Randall returned to work within a year of his accident. While in front of a crowd of hundreds of fans, Randall showed the audience that the accident had not affected his musical abilities. He played seven instruments and sang songs they knew and loved. Near the end of his show, Randall presented Walt with a plaque, and told the crowd how the young man had saved his life. Undeterred by the accident, Randall told of his plan to return to the scene of his accident. “I want to find a couple things. Somewhere up there above Ajax Lake there’s a hat and a pair of sunglasses that belong to yours truly.”

Randall’s career blossomed after his accident. In addition to the two Grammy Awards he had won before the accident, he won six more for songs including “Family Tradition,” “All My Rowdy Friends Are Coming Over Tonight,” “Ain’t Misbehavin,” “Born to Boogie,” and “There’s a Tear in My Beer.” Through his long and continuing career, Randall has gone by nicknames including “Bocephus,” and “Rockin’ Randall Hank” but most people know him as Hank Williams Jr.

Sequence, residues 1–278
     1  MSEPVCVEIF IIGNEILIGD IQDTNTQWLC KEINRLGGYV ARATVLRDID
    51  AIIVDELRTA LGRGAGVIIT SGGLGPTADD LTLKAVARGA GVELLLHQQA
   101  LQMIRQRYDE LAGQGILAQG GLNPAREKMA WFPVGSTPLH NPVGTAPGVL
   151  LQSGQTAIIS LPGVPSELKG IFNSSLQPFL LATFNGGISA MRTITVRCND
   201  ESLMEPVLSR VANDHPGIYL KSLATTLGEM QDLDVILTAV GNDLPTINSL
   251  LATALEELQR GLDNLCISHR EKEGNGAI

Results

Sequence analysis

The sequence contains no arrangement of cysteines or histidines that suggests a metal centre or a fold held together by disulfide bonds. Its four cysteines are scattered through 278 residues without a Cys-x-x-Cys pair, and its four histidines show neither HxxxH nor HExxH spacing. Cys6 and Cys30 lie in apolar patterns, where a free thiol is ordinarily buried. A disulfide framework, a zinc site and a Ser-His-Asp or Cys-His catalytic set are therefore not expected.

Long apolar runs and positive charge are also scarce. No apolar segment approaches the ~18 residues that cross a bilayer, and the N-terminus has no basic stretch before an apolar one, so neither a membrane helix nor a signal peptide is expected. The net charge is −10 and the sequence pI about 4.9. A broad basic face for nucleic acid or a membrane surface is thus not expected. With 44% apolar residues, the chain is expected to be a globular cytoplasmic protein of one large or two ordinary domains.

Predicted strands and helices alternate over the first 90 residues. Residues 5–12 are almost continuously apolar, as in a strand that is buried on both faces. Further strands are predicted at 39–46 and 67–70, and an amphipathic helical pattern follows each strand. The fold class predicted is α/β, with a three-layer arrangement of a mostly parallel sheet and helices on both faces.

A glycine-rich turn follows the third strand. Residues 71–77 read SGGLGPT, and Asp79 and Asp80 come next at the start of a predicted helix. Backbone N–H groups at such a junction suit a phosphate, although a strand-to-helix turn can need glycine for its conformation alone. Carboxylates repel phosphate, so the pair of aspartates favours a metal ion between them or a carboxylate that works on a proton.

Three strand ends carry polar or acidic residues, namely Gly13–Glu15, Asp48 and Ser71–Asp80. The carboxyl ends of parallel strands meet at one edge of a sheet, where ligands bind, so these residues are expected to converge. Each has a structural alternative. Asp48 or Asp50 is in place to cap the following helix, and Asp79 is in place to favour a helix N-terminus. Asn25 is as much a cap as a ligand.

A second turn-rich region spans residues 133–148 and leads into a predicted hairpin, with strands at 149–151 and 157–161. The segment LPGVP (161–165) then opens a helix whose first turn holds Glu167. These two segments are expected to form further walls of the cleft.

The Indianapolis Star, August 11, 1975, p.15.
The Missoulian, August 11, 1975, p.1.
The Tennessean, August 12, 1975, p.38.
Great Falls Tribune, August 12, 1975, p.5.
Great Falls Tribune, August 13, 1975, p.11.
The Missoulian, August 13, 1975, p.2.
The Missoulian, August 23, 1975, p.12.
Great Falls Tribune, August 24, 1975, p.6.
The Independent-Record, August 25, 1975, p.9.
The Montana Standard, August 26, 1975, p.1.
Great Falls Tribune, August 26, 1975, p.10.
The Independent-Record, August 26, 1975, p.12.
The Missoulian, November 1, 1975, p.35.
The Missoulian, March 23, 1976, p.2.
The Daily Inter Lake, April 2, 1976, p.7.
The Daily Inter Lake, June 25, 1976, p.16.
The Missoulian, August 7, 1976, p.29.